There's a power crisis - and this is not the opening line to a presidential election ballot joke. But it is the making of front-page news, and it is cutting an already small margin of error to almost nothing - for power providers and users, that is.
Utilities across the country are struggling to meet surging electricity demands, thanks to deregulation and outdated facilities. Meanwhile, construction of power plants is booming even as other building segments show signs of slowing.
In 2001, the energy rental sector will continue buzzing, with entrenched names such as GE Energy Rentals, Aggreko, Caterpillar and other specialists adding locations, sizing up niche acquisitions and chasing down billion-dollar contracts with some rather nontraditional rental items and services. Gas turbines, anyone?
But the power rental segment is a grid of opportunity for the nonspecialists, too. Businesses - especially the e-commerce kind, whose very existence depends on keeping the traffic flowing 24/7 to their digital registers - are thinking like hospitals, establishing emergency and backup power strategies should the lights go out.
And Y2K, the most hyped story of the much-hyped year 2000, helped introduce the idea of backup power to millions of homeowners who hadn't worried so much since a previous generation built bomb shelters in the back yard.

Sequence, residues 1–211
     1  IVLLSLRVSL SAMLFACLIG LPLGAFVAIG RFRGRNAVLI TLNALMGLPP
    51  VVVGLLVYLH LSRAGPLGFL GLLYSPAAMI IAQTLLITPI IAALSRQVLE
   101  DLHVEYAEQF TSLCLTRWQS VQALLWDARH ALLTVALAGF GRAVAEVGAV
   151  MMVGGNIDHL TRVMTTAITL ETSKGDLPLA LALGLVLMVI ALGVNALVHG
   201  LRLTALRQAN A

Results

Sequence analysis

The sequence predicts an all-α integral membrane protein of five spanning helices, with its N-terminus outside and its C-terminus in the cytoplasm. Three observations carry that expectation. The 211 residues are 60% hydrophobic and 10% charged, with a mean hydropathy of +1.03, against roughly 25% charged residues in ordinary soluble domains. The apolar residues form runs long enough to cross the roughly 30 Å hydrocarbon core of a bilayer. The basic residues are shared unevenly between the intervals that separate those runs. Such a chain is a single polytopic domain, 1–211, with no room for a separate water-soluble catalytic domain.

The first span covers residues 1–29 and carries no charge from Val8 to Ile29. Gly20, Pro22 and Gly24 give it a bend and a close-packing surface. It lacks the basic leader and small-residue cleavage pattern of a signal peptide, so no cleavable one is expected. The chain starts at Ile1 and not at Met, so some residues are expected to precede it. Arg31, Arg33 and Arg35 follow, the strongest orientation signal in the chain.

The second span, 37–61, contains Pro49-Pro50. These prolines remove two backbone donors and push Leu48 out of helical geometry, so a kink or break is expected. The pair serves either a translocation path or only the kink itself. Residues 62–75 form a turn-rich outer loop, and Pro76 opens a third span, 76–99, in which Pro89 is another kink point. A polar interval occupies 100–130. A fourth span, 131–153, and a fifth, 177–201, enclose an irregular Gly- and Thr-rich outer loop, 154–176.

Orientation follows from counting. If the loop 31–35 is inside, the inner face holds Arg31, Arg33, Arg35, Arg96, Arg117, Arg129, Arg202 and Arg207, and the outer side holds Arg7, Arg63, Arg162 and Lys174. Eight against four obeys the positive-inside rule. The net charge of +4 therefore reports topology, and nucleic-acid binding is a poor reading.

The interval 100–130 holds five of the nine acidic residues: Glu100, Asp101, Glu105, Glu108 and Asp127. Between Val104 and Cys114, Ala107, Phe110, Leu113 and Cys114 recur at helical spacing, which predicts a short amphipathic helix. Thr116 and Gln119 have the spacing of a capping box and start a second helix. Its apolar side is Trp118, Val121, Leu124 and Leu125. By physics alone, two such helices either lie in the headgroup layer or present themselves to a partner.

Speaking of margin of error, it's also tight on the labor front for rental centers - unless they're neighbors to one of the increasing number of manufacturers announcing layoffs in recent weeks. Good help has always been hard to find, but now mediocre help would do in markets where the unemployment rate remains at all-time lows.
With pricing pressures affecting the profit margin, there is no such thing as a grunt position. Everyone on the payroll could affect the bottom line. How long is that customer on the fence being left on hold? How many off-the-beaten-path job sites are ripe for a presentation but never passed on to the sales force by a sour driver?
Of course, there is no map to guide you from merely surviving to merrily growing. The directions and detours change daily. It's not just a matter of wanting it more than the branch across the street does, it's making your people want it more than the people across the street. The difference between making a living and doubling your profit margin might be too close to call, but it looks fat in the wallet. And it won't require a recount.